SCOPE 2021 Panel Discussion Recap image

March 8, 2021 — At last week’s SCOPE 2021 virtual summit for clinical operations executives and their partners, an overarching theme was the increased speed of clinical operations in response to the COVID-19 pandemic.

“Speed — is this the new normal? Can we as organizations support that ramped-up speed … with the resources that we all have?” asked moderator Michael Tanen, Director, Clinical Biomarker Specimen Management, Merck & Co., at Tuesday’s panel discussion in the Clinical Biomarkers Operations & Innovations track.

QuartzBio’s SVP of Data Management and Systems Integration, Tobi Guennel, joined leaders from Bristol-Myers Squibb, Eli Lilly, AbbVie, and Covance for this live panel.

Tracking Biospecimens: A Persistent Challenge

Panelists agreed that despite the accelerated innovation in the operations space, tracking biospecimens continues to be a challenge (in line with observations the QuartzBio team shared in 2020). Crystal Dotson-Roberts, Director of CLIA Lab Operations at Eli Lilly, described her COVID-19 diagnostics team’s transition from extremely manual biospecimen management processes to more automated solutions, but warned that this transition required unsustainably long hours and commitment.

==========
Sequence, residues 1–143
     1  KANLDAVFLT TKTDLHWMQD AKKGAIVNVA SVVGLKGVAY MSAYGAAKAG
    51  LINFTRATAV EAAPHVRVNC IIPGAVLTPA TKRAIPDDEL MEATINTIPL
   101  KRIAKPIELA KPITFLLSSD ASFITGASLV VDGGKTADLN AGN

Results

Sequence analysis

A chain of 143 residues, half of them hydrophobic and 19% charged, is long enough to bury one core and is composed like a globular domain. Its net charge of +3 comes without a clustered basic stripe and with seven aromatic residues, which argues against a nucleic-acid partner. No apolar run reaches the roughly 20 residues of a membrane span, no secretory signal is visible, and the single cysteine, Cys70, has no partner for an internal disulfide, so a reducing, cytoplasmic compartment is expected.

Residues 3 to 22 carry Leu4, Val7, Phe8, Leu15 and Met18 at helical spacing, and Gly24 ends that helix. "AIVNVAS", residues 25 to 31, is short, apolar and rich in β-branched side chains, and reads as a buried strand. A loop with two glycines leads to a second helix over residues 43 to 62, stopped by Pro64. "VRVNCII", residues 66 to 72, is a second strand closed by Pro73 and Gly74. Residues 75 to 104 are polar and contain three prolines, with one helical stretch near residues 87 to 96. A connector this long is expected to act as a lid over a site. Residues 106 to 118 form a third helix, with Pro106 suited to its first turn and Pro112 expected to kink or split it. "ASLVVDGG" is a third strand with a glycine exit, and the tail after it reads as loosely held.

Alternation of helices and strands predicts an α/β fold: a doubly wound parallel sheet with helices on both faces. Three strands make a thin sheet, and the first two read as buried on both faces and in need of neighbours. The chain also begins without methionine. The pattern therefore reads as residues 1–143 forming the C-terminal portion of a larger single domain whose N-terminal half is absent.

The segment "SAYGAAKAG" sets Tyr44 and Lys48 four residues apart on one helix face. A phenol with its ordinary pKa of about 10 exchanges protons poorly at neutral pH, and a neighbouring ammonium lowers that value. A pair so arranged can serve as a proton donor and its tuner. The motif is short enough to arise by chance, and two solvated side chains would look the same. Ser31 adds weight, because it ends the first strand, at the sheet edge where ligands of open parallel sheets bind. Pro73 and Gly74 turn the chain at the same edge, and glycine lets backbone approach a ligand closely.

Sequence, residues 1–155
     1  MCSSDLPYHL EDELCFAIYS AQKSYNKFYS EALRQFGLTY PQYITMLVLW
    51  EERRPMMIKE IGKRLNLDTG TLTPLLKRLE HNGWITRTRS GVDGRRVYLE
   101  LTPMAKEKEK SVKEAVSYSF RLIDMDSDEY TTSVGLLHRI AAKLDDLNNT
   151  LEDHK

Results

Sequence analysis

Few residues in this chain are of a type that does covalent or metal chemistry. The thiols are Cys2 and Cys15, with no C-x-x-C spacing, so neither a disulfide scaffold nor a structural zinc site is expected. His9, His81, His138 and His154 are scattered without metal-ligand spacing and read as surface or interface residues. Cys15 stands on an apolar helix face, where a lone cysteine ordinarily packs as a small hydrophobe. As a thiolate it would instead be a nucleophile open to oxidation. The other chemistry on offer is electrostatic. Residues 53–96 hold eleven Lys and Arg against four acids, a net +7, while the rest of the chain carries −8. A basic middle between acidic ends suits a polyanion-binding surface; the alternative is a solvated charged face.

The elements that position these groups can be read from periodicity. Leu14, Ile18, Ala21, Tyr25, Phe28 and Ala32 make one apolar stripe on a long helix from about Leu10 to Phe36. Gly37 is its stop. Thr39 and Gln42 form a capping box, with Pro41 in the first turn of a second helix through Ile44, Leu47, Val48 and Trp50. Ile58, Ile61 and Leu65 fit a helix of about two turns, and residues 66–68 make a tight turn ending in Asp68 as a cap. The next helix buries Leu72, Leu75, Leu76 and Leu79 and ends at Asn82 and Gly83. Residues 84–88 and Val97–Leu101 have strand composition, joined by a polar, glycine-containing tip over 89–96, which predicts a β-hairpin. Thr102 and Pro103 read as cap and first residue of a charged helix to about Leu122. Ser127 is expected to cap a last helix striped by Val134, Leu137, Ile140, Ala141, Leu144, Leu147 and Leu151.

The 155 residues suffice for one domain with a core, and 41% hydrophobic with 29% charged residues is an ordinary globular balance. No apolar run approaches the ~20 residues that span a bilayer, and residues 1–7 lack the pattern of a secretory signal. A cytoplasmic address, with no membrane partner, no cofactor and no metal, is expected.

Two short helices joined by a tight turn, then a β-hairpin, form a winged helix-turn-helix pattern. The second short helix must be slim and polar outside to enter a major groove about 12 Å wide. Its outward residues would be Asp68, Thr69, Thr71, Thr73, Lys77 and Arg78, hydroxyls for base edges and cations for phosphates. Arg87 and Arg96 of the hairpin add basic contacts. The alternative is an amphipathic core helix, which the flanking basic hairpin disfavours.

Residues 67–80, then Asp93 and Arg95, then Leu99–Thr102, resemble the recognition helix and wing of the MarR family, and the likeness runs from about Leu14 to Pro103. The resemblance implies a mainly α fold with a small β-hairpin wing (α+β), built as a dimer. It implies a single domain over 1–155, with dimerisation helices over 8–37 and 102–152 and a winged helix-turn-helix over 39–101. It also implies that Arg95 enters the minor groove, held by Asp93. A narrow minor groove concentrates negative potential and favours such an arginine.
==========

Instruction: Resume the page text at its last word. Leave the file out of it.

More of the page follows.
As Tobi Guennel put it, “Having the right people coupled with the right technologies” is key to maintain visibilities into samples collections, processing, and storage status throughout the life of a study.

What are the characteristics of “right technologies” necessary to optimize speed?

The Right Technologies Connect Data and Metadata

During the panel discussion, Andrew Jopp, Clinical Data Analyst for AbbVie, described the company’s sophisticated system for analyzing exploratory biomarker data and connecting it to specimen identifiers and clinical data.

Brenda Yanak, VP of Global Biospecimen Management at Bristol-Myers Squibb, proposed that sustaining the pace of clinical development required either more in-house solutions like these, “or that we have vendors coming in to help us with tools.”

In response, Tobi Guennel agreed on the importance of linking exploratory biomarkers to biospecimen-related metadata, reporting that many of QuartzBio’s clients were using the company’s solutions for operational visibility, to streamline key compliance activities, and to integrate assay results data.

The Right Technologies are Adaptable and Ready Right Now

Beyond the obvious logistical challenges and increased focus on maintaining visibility into sample collection and processing status during the course of a study, drug developers are also seeing an urgency to deploy systems that can adapt throughout a study, as new studies are started, or as new labs are added to perform additional biospecimen analyses.

The trend toward decentralization of trials is expected to continue, even outside of COVID-19. For technologies to be adaptable, they will need to be quickly deployable, ready to go from the first patient in, rather than 3-4 months after a study has started.

The connections made at SCOPE gives us hope that the industry will continue to break down siloes and implement best practices for standardizing, conforming and increasing access to data, enabling clinical trials keep up the pace of the past year.

Interested in learning how QuartzBio is using technology-driven solutions to provide visibility into sample availability and quality for clinical teams?